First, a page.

Wednesday, October 24, 2018
SAM sets forth (awfully criminal) vision of a "pro-public health approach to state marijuana law reform"
I just today saw this new posting from the folks as Smart Approaches to Marijuana under the heading "SAM Model State Legislation." Here are excerpts:
The criminalization of marijuana has had a negative effect in society, with disproportionate harm to minority and disadvantaged populations. Therefore, we at SAM reject this dichotomy of commercialization and criminalization. We pursue a middle ground that is aligned with scientific knowledge about the public health harms of marijuana.
State marijuana laws should discourage the use of marijuana, get those who need help back on their feet, and ensure that those who get help are not penalized for their past mistakes. Accordingly, SAM staff have put together several key points to be addressed in model legislation. A pro-public health approach to state marijuana law reform should:
⁃ Provide alternatives to incarceration for personal use marijuana possession offenses, including citation instead of arrest, diversion programs, and appropriate fines that take into account economic means;
⁃ Require mandatory assessment of problem drug use by a treatment professional after the first citation; those who are diagnosed with a substance use disorder can be diverted into a treatment track where they receive the appropriate level of care, those who are not problem users can be directed to social services for follow-up and addressing other life factors contributing to drug use;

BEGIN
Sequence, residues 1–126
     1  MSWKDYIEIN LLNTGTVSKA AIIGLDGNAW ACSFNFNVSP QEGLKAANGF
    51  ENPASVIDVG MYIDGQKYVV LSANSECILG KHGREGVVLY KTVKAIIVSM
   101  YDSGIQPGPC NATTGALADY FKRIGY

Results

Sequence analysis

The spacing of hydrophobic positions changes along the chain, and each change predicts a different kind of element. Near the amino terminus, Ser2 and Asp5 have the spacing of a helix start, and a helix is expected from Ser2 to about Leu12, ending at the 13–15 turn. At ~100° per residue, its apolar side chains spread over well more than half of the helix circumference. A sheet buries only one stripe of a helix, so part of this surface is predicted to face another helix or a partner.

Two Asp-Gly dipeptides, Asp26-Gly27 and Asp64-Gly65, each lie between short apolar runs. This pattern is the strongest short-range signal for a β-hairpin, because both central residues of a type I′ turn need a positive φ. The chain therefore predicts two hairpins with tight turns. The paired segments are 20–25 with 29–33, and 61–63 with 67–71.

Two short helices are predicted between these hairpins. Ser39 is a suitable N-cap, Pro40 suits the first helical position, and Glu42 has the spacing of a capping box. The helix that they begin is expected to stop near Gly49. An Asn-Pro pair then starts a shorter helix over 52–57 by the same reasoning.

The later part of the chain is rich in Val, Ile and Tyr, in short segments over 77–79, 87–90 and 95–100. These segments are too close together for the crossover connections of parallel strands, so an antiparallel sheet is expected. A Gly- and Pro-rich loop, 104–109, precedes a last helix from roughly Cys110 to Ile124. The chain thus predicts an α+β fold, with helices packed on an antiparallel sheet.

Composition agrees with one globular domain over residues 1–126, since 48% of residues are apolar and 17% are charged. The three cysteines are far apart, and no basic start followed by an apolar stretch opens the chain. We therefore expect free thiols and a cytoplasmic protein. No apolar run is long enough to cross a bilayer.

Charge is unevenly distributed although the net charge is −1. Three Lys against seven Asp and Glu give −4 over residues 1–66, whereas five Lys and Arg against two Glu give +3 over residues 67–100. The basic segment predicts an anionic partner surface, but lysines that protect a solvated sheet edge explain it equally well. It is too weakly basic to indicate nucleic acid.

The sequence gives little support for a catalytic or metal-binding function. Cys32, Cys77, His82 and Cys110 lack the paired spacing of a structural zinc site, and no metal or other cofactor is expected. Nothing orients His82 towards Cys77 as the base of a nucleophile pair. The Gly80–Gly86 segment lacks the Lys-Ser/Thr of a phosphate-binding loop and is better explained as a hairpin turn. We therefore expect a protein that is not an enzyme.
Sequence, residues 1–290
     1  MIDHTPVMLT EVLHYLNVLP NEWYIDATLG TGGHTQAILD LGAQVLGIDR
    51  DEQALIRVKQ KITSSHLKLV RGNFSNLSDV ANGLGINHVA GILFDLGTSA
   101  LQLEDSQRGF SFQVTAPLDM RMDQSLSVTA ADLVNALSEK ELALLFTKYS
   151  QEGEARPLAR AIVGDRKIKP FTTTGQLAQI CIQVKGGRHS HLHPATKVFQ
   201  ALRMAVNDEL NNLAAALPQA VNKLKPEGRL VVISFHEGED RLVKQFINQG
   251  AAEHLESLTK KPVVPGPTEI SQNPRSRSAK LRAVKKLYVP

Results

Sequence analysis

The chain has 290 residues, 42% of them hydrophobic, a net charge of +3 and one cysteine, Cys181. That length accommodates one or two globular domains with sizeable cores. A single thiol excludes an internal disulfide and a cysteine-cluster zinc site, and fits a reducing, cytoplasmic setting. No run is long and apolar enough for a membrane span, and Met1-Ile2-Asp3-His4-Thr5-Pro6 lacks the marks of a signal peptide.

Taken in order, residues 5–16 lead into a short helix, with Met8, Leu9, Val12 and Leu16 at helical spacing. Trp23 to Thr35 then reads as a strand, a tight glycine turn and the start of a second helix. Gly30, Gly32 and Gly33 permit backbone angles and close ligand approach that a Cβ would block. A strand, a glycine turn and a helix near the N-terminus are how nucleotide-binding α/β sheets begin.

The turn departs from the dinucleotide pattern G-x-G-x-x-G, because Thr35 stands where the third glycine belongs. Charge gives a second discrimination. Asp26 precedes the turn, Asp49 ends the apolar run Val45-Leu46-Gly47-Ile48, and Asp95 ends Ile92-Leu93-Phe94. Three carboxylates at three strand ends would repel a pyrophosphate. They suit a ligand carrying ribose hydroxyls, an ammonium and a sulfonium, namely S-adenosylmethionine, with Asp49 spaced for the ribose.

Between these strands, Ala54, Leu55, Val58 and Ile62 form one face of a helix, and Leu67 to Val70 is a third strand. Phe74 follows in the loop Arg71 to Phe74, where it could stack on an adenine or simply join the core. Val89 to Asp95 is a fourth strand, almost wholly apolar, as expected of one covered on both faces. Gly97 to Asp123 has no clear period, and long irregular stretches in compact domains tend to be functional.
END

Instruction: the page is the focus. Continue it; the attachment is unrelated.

⁃ Expand the use of conditional discharge by requiring its consideration;
⁃ Allow fines and cost of treatment to be waived for those without means;
⁃ Provide automatic expungement for first-time offenders who complete treatment or education program without further violations within one year;
⁃ Model penalties on Hawaii’s HOPE program for non-compliance with court-ordered treatment/recovery plan; and
⁃ Offer community services as an alternative to fines for those with severe financial hardship.
I have a hard time considering this outline a "pro-public health" approach to state marijuana law reform given how heavily it still seems to lean on criminalization. For example, the first point suggesting "alternatives to incarceration for personal use marijuana possession offenses" suggests that any and all forms or marijuana distribution still should be subject to punishment in the form of incarceration. Repeated reference to "fines" and "offenders" and "penalties" likewise connotes operationalize this "reform" through the criminal justice system. Especially because entanglement with the criminal justice system rarely, if ever, advances public health, I am deeply disappointed by the fact that "SAM Model State Legislation" is really pretty close to existing criminal prohibition models and not all reflective of what a true "pro-public health approach" would really seem to involve.